4 Ways to Prepare Your Children for a Big Move

by | Nov 28, 2020 | 0 comments

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When we were moving almost 2 1/2 years ago, we made a point to talk to our children the entire time and through the process. While we chose to not include them in the actual house hunt, we did prepare them for our big move. After all, it was going to impact them, probably the most since they were going to have to switch school systems.

A big move can be exciting, but not everyone will understand your decision unless you explain it to them candidly. Children can oppose the decision, maybe outright defiant and angry, but they may even like the idea if handled well. Understandably, your kids will want to hold on to the life they have built. They have friends and fun activities that make them love their current home. They also have fears of being the new kids in town and school when they move.

Photo by cottonbro from Pexels

4 Ways to Prepare Your Children for a Big Move

What if they do not make new friends or no one wants to play with them? These are just some of the fears kids may have. How do you handle this?

Let the Kids Know in Advance

Do not wait until the last minute to tell the children about the move. As soon as you are sure about the decision, inform them. It will give your children enough time to process the news, express their emotions, and finally accept the decision.  Remember, it is not just you who will be leaving the life you have built behind but them too. Therefore, give them enough time to prepare for the transition.

Explain the Reasons for the Move

It is improbable that you may be willing to make a big move if it did not have exciting offers such as a better job or better living standards. Make your children understand why you had to move. Did you get a better job? Let them know the advantages that come with the move. It is also essential to let them know why living in your current home is no longer applicable.

Maybe you have been struggling to pay the mortgage or maybe you are looking to move into a better school district for an education that will benefit your children more than the current district. The move may give you all peace of mind.

Help them Express their Emotions

The news will cause a myriad of emotions but slowing down to think and understand things at your child’s level will help them cope with the decision. Answer any questions they may have and help them cope with their fears. For instance, if your child has a pet, they may be concerned about not being able to bring it along. Let them know that they can carry their pets with them and any valuables they have. Assure them that you have made all necessary arrangements like using Shiply to transport the pets to the new destination safely.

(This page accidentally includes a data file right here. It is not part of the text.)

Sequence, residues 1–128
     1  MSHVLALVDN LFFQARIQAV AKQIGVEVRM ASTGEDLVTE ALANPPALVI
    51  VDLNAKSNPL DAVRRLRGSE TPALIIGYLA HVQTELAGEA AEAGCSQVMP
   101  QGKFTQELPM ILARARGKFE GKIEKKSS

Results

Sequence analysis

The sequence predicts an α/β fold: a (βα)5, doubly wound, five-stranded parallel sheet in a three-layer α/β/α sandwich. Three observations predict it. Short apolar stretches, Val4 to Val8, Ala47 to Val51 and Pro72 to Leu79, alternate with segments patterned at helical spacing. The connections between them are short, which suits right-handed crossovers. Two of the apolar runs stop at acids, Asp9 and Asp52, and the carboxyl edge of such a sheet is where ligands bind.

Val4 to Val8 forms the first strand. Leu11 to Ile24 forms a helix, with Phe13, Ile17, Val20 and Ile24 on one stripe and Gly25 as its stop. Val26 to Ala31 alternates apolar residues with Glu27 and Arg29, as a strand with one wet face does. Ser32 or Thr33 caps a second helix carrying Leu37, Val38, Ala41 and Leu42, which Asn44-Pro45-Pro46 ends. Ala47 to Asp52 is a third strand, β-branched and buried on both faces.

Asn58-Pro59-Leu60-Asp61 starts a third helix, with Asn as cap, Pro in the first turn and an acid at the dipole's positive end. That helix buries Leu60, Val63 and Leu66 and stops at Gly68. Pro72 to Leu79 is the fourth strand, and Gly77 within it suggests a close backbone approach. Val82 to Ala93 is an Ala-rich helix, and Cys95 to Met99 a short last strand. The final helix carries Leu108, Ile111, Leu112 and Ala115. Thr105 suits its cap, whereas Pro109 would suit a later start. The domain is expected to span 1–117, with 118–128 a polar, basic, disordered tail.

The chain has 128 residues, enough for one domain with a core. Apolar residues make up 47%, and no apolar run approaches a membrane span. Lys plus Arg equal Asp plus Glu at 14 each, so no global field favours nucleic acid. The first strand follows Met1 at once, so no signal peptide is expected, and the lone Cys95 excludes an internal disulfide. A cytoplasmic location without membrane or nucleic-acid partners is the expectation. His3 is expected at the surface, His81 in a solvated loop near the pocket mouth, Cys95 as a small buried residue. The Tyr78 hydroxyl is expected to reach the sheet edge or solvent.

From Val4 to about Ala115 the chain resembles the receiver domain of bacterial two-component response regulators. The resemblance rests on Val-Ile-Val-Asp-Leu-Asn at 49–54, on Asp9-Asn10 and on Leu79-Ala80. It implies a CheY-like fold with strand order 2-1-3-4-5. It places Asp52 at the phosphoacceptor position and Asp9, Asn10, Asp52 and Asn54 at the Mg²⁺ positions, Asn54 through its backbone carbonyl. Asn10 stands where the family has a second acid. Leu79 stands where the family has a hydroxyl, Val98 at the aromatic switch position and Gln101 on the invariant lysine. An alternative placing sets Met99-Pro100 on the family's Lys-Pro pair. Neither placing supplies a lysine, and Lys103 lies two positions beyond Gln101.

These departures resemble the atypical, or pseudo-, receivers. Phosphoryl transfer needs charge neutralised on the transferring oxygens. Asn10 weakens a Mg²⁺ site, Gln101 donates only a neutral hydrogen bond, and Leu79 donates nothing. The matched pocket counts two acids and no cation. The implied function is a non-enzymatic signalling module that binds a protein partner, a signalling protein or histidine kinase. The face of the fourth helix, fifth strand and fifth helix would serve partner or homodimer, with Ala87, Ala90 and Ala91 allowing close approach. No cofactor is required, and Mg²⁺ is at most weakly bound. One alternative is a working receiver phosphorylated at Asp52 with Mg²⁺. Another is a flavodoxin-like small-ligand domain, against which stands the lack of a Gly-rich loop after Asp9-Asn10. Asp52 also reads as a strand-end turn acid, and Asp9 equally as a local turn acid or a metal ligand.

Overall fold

Photo by Anna Shvets from Pexels

Choose an Appropriate Time to Move

If possible, plan the move during the summer holidays where the children can spend some time with their old friends then move to spend more time acquainting with the new home. Also, if you can manage, visit the place before moving to help the kids see how their new home looks, but if it is not possible, get photos that you can go through with them. If your kids have important events coming up, such as a talent show or a school party, plan the move after the event. Your kids will be grateful you did it.

When you take the time to help your children process the new information, you will all end up happy with the move and excited about starting a new life.

Written by Anna C.

I am a wife and mother of two sons. We live in Rural Northeast Ohio with our 2 cats, 2 dogs & many fish. I love all things Supernatural, Harry Potter, elephants, sunflowers, crystals, occult, crafting, coffee, wine, and online shopping. Have a TikTok, PokemonGo & Elder Scrolls addiction, I've always loved plants, recently I became a houseplant mom, and am currently growing over 15 varieties in our home! Now if I could get my outside gardens to flourish I will be happy. When I'm not tending to the home, pets, plants, or hanging out on the couch catching up on my shows, I'm doing some type of crafting or DIY project. (Or I'm pestering my husband in the barn.)

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